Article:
Loudspeakers

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John Bamford & Keith Howard  |  Aug 14, 2010
When informed I had a pair of horn-loaded JBL floorstanders coming my way for auditioning I confess I wasn’t particularly enthralled. And I was quietly cursing as several of us groaned under the 73kg weight of each enclosure, man-handling them down the stairs into my basement listening den. Then I heard them. It was mid-afternoon when they were first fired up, powered by my resident Mark Levinson No.
Keith Howard & Paul Miller  |  Apr 16, 2010
The famous Bauhaus diktat ‘form follows function’ was an aesthetic imperative rather than an engineering philosophy, and a good job too, because for structural engineers in particular the concept was already old hat. All those Martello towers littering England’s south coast, for instance, are not round in plan view on a whim: it’s because castle builders, centuries earlier, had discovered that round towers better resisted artillery bombardment than those with corners. It’s natural to suppose that modern engineers would never do anything so crass as to make something fundamentally the wrong shape, but don’t be so sure. Most loudspeaker manufacturers have done it, continue to do it, and give every sign of proposing to do it in perpetuity.
Ken Kessler & Keith Howard  |  Jan 16, 2010
Since the early 1980s, Wilson Audio has produced speakers as physically small as the Duette and the original WATT, not just behemoths such as the Alexandria. It has been my good fortune to have heard almost every model, either at shows, at the Wilson listening room in Provo, Utah or in friends’ homes. And there’s a reason why I have used the smaller Wilsons as my primary reference for 25 years or so: they allow me to listen into the recording. Unlike most, though, I don’t necessarily believe that the progression from smallest model to largest should incite an automatic desire to follow that ascent.
Keith Howard  |  Jan 14, 2010
The use of ceramic materials in loudspeaker diaphragms can’t be described as novel because every anodised aluminium cone or dome has a surface layer of alumina (aluminium oxide), allowing it to be described as a ceramic-metal sandwich or similar – as at least one speaker manufacturer has indeed done. But pure ceramic diaphragms are a rarity, and loudspeakers that use them exclusively, as the Lumen White Silver Flame does, are rarer still. All five drivers in this arresting-looking three-way design have white ceramic diaphragms in the form of everted (concave) domes. As explained in the box-out, the attraction of a ceramic diaphragm material is that it can be lighter and stiffer than common metal equivalents, which promises higher bending wave velocity and hence higher breakup frequency for a given diaphragm size and shape.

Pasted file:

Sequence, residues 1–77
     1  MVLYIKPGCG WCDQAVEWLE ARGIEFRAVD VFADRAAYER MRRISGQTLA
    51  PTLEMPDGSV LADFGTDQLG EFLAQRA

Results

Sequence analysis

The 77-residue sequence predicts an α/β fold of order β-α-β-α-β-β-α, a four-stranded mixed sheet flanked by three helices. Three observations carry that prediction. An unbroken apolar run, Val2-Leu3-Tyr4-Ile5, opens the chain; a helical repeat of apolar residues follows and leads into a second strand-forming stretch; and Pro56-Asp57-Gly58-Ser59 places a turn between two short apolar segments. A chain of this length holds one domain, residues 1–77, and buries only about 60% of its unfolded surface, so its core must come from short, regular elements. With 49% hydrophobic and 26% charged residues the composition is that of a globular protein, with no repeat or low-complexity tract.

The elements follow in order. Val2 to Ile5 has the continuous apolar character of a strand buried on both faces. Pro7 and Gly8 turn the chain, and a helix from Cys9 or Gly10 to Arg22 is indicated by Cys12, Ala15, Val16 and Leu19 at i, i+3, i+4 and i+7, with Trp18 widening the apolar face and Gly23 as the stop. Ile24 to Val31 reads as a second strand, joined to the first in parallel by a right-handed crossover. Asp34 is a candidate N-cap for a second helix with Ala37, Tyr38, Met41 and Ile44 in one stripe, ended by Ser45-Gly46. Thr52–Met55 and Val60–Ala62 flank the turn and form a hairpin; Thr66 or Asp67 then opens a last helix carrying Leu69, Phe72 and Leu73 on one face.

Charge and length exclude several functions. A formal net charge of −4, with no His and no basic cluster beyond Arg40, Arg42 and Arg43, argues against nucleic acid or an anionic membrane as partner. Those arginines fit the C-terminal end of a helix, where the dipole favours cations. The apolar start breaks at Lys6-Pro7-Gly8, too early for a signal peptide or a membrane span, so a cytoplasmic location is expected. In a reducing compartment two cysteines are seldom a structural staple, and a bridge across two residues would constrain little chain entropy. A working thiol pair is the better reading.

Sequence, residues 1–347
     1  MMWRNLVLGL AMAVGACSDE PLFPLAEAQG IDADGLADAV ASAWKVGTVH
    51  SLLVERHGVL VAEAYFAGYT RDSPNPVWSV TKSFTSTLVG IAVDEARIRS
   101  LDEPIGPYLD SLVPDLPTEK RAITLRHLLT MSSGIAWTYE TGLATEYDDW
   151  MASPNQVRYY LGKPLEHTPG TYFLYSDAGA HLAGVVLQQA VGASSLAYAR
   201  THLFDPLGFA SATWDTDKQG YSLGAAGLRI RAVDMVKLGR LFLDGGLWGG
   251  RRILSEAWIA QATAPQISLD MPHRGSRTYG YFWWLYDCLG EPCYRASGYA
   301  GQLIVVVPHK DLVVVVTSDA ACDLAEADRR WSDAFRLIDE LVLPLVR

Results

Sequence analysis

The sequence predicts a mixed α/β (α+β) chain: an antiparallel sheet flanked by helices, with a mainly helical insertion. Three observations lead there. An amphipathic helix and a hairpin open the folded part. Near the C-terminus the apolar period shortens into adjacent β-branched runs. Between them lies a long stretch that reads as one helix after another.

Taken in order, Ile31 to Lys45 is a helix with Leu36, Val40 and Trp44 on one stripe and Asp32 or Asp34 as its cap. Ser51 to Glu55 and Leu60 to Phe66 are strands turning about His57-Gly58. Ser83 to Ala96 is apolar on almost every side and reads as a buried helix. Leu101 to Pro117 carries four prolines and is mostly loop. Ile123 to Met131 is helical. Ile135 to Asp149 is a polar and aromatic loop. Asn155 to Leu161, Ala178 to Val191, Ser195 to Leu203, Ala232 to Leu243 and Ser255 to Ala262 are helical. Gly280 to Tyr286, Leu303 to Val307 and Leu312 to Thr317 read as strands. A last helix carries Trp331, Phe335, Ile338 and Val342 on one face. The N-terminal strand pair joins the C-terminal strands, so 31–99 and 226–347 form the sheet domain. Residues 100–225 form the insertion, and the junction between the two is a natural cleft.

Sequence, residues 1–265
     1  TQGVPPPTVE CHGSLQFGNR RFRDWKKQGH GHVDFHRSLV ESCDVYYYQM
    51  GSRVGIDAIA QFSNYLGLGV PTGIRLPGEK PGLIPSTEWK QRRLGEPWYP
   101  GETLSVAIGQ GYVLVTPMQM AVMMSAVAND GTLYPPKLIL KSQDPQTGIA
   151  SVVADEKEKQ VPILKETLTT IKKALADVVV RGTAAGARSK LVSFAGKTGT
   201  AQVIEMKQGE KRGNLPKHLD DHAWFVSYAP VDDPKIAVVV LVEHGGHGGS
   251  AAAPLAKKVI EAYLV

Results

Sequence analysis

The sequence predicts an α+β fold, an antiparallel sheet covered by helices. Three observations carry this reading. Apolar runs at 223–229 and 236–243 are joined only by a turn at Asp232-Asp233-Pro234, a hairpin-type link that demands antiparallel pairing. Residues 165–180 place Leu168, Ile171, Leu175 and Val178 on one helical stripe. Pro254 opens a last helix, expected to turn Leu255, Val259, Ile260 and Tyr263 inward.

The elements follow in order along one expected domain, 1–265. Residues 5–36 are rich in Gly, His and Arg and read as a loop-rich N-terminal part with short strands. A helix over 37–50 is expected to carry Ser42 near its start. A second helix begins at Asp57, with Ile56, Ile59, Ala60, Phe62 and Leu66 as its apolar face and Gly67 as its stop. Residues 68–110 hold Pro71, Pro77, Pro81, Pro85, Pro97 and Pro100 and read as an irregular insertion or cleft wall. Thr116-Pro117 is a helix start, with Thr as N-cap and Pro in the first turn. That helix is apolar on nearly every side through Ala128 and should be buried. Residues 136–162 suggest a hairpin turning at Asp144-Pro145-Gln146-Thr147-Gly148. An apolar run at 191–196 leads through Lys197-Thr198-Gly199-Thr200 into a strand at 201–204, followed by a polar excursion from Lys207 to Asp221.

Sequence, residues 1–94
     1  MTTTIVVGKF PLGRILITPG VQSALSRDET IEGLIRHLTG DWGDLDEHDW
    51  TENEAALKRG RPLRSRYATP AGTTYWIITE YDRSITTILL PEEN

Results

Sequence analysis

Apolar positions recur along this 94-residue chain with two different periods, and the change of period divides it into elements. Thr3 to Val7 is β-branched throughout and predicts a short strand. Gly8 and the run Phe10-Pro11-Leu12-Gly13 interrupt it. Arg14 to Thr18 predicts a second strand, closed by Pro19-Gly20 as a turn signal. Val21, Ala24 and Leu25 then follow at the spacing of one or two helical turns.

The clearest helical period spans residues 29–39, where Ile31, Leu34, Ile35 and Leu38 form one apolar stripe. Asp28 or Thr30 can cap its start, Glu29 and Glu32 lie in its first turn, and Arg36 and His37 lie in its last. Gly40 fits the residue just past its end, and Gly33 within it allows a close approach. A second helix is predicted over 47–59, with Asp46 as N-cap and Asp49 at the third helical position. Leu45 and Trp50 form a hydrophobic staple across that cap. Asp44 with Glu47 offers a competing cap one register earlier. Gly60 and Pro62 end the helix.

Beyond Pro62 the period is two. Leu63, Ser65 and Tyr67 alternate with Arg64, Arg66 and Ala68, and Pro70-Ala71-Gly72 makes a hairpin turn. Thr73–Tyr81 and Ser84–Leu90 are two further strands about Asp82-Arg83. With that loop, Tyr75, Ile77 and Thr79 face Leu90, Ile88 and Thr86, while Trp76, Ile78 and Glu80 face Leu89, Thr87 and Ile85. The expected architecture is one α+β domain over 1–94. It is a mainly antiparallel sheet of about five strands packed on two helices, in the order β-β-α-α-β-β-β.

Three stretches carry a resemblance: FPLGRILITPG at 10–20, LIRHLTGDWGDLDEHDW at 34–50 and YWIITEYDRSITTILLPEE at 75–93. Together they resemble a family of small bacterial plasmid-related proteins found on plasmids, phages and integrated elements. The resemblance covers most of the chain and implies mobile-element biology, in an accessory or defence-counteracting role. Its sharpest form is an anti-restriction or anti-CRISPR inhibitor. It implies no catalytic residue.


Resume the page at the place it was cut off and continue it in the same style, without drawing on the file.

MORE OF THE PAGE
John Bamford and Keith Howard  |  Dec 25, 2009
Recently acquired by the Canon organisation, Cabasse of France has begun a concerted effort to have its speakers available for sale in the UK through a small network of specialist dealers. Coherent Audio Systems near Tewkesbury, Glos, a dealer that also imports and distributes high-end Oracle and Belles products, was recently appointed its marketing agent. Readers may recall we enjoyed Cabasse’s £3400 Iroise 3 model earlier this year, which features the company’s spherical-shaped BC13 coaxial driver married to a pair of 210mm woofers in a floorstanding cabinet. The Baltic Evolution comes from Cabasse’s substantially more expensive Artis range, and features the company’s more ambitious TC23 triaxial driver, which is designed to provide a point source with an operating bandwidth from 22kHz down to around 80Hz.
Ed Selley  |  Dec 24, 2009
When Arthur Bailey first described the transmission line loudspeaker enclosure in the pages of Wireless World in 1965, and then again in 1972, there seemed every prospect that this new alternative to the familiar sealed box or reflex cabinet would come to enjoy widespread use. Yet it never did. Instead transmission line loading has remained a relative rarity, associated with a handful of speaker makers in particular: IMF in the early years and PMC more recently, although B&W has made perhaps the cleverest use of it in the form of its inverted horn Nautilus tubes, which had their ultimate expression in the snail-shaped speaker of that name. Although the transmission line is often classified as a form of bass loading, its modus operandi actually affects a much wider frequency range, as B&W’s use of it confirms.
Steve Harris and Keith Howard  |  Dec 24, 2009
When John Durbridge and Ian Hanson met in 1993, both were studying electronics, and both chose to develop a hi-fi prototype as their degree project. John’s design was a two-way speaker, while Ian came up with a 100W power amplifier. Each then made a career in electronics but, with audio interests pushed into the background, John worked in industrial electronics while Ian then specialised in ultrasonics. Of course, their interest in hi-fi had never died, and in 2005 they decided it was time to do something about it.
Ken Kessler and Keith Howard  |  Dec 24, 2009